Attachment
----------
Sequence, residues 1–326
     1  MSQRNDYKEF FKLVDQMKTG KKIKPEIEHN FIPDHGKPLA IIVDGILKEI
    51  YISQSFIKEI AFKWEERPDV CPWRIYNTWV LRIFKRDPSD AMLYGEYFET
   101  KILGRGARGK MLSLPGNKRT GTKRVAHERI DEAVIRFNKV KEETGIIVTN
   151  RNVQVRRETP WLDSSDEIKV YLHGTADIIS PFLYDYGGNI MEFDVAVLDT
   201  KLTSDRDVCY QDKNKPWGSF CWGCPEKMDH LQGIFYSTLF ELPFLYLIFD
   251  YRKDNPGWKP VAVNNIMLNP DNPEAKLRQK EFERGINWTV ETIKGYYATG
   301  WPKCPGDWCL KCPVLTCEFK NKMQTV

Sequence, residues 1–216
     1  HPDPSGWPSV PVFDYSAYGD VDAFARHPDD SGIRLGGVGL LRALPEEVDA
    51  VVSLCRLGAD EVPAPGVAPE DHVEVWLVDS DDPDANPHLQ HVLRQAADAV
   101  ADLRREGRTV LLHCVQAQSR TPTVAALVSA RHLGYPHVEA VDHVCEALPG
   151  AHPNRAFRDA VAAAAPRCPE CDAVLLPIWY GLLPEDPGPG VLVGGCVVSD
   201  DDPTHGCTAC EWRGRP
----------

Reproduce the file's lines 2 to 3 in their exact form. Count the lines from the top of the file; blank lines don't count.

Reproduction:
     1  MSQRNDYKEF FKLVDQMKTG KKIKPEIEHN FIPDHGKPLA IIVDGILKEI
    51  YISQSFIKEI AFKWEERPDV CPWRIYNTWV LRIFKRDPSD AMLYGEYFET